A deal could be announced as early as today that Equifax will pay as much as $700 million to settle investigations from the Federal Trade Commission, Consumer Financial Protection Bureau, and state Attorneys General stemming from a 2017 data breach that exposed the personal information of nearly 150 million individuals.
News of the settlement was published late Friday night.
Labeled as one of the biggest data breaches in history, the hack allegedly occurred because Equifax failed to apply a security patch that was released to address a vulnerability. The patch was released two months before the hack occurred. Hackers gained access to names, birth dates, Social Security numbers, and driver’s license numbers.
Interestingly enough, the information that was stolen has not shown up “in the kinds of online forums in which stolen personal data is often bought and sold,” according to cybersecurity experts.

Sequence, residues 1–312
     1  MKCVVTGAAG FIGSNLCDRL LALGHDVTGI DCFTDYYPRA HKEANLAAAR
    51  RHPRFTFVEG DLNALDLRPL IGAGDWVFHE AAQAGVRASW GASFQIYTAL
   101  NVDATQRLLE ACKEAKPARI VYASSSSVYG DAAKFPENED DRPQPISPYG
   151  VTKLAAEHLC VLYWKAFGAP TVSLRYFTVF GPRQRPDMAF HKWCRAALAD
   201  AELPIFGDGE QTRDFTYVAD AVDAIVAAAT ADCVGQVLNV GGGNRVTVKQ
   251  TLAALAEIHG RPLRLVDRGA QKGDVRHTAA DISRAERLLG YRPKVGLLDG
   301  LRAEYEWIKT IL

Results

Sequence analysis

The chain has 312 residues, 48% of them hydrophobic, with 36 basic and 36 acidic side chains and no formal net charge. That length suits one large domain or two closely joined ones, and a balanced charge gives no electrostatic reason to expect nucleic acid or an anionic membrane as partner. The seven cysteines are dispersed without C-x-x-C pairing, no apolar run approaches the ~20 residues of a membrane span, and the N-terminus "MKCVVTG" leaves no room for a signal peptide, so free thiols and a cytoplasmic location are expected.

The actual amount of the fine to be paid by Equifax was still being negotiated, according to published reports, but would be between $650 million and $700 million. Most of what Equifax pays will go toward compensating individuals who were impacted by the breach, according to the report.
The size of the fine is less than what many may have been expecting, but the FTC has “limited ability to impose fines, which has become challenging as the number and severity of data breaches grow,” according to the report.